Monday, February 13, 2012

Let's Be Honest: Recovery Warfare

Do you want to recover from your eating disorder?

Do you really want to get better? Wholeheartedly?

For the last five years or so, I have told myself and everyone around me that I genuinely want to recover from my eating disorder. The problem is, that's a lie, sort of. Of course I want to recover from  my eating disorder. Of course I know it's deadly, it's killing me, it has stolen everything from me, destroyed my health, and destroyed my relationships. Of course I want to get better. Don't I? Then why haven't I done it already?

I admit that deep down I have been afraid to fully part with my eating disorder because I feel to some extent defined by it. I realize this thinking is illogical, though all eating-disordered thinking is illogical, and that is precisely the point. I will never be fully recovered unless I am willing to give up my eating disorder. It isn't going to disappear. I have to sacrifice it fully. Give it up. Burn it. Kill it. Destroy it. Forget about it. Let it go. Move on. 

I realize this isn't easy. I know that recovery isn't as simple as making the choice to get better and trying to implement changes in your life; it takes dedication and daily commitment to overcome an eating disorder. Recovery is most definitely an active choice--something we have to work towards and put effort into. But I believe that if we aren't willing to let go of our eating disorders, of course they aren't going to leave us. We have to leave them. We have to put more effort into being well than we put into being sick. Granted, eating disorders aren't choices and all behaviors and compulsions fueled by our eating disorders are/were out of our control. I know that when my eating disorder was at its worst, I put a lot of effort into being sick-- obsessively counting calories, hardcore restricting, adhering to strict workout regimens, etc. Even though this behavior was fueled by madness, I put effort into obeying it. Why can't we take that same amount of effort and discipline and apply it to our recovery? Why can't we channel the dedication and discipline created by our eating disorder and turn it into a weapon to aid in our recovery?

Guess what: we can. And we have to, if we ever want to be free.

I know I am guilty in being "lazy" in my recovery. It's time to get tough. I am kicking my eating disorder's ass and setting it on fire.

Forgetting about it
Letting it go
Moving on

Who's with me?


  1. I can understand your position.

    I once was in the same boat. I said I was "recovering" when I wasn't. I kept going back to my old behaviors multiple times. I was not ready to let go of my demons.

    Everything honestly changed when I started seeing Brenda. At first, I was still in the same old behavior and thinking. Gradually, I came to realize that my ED was a huge ball of unresolved issues from my past. As I gradually resolved my issues, I became more whole, and more willing to let go of my ED.

    I don't think I will be completely recovered, to be honest with you, because it has been a BIG part of my life for so long (about a decade or so). But I definitely can manage my choices, and decisions.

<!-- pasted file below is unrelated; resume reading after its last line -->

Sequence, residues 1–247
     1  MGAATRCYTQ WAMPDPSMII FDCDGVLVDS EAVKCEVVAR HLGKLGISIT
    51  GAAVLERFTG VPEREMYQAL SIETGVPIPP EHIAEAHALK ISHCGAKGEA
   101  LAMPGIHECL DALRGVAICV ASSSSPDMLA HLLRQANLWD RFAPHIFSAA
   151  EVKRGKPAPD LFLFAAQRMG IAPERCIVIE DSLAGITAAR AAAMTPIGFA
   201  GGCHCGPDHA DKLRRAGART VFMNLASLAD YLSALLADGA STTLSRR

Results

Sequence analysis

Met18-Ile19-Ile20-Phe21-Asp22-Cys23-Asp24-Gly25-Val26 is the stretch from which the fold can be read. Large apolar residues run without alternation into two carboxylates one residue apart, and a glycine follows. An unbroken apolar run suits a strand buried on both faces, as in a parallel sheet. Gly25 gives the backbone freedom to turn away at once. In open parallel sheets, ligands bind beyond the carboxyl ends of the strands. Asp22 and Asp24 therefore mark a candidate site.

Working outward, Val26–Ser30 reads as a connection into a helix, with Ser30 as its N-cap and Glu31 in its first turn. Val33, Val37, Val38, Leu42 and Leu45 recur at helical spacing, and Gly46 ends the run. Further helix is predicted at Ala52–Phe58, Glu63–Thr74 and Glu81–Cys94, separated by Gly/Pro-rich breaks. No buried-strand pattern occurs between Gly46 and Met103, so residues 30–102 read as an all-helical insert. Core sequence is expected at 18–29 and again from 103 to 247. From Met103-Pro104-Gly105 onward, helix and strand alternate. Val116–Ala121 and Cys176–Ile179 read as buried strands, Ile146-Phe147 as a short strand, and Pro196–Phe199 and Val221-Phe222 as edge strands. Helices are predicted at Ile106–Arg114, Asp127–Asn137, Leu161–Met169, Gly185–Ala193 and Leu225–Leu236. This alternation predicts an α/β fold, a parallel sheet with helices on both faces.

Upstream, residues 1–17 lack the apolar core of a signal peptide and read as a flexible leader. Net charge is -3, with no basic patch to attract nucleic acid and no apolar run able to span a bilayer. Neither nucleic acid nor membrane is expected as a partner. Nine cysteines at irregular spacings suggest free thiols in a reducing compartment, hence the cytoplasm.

2. I think I understand you although I do not suffer from eating disorders, I think that what you're saying it applies to a lot of difficulties in our lifes. When we want to get out of our deepest self-destructive mechanisms, we must be conscious of it in every level because that what harms us, your illness in this case, takes over at times and makes us act at its own discretion. We have to return the battle that it is giving us. It's hard, as you say, it is cost effective.
    You're gonna kill that bitch!



  3. I know exactly how you feel. It is as if my mind is split in two - there is the side that knows my ED is horrible, wrong, disgusting. And then there is the other side of me that can't help but think about missing it once it's gone. I try to think about my eating disorder like a con-man, try to see it for what it really is. But it's not easy. If you're interested, has a great technique for how to demonize your ED. It's still a struggle for me every day. Thanks for sharing your story, it makes me feel less alone.

  4. I am with you! I recovered half way from AN since 2010, but now a month ago said "I will go all the way". I started eating intuitively. Felt worse than before, but stuck with it. Now have gained a bit, feel dazzled yet things are settling down a bit. I am still gaining - and wondering when it will cease - but will recover no matter what! I want to be healthy and for the rest of my life!!!!!!

  5. It is so hard to disassociate yourself from anorexia. I still have similar thought patterns and habits from when I was struggling with it, and I view myself as recovered. I feel like it is still there under the surface, but to indulge in it is to give power to it.

    There are many times over the years I have "relapsed" and fallen back a bit, but every time you rebound, that "part of you" recedes further into the darkness. Then you can say "No, I'm not even going to go there anymore". It is hard. It is a loss. You feel like you are losing a part of your identity, and to one extent, I still feel that way. But the pain gets less and less, and you realize that you life is so much more than punishing yourself. It's about living.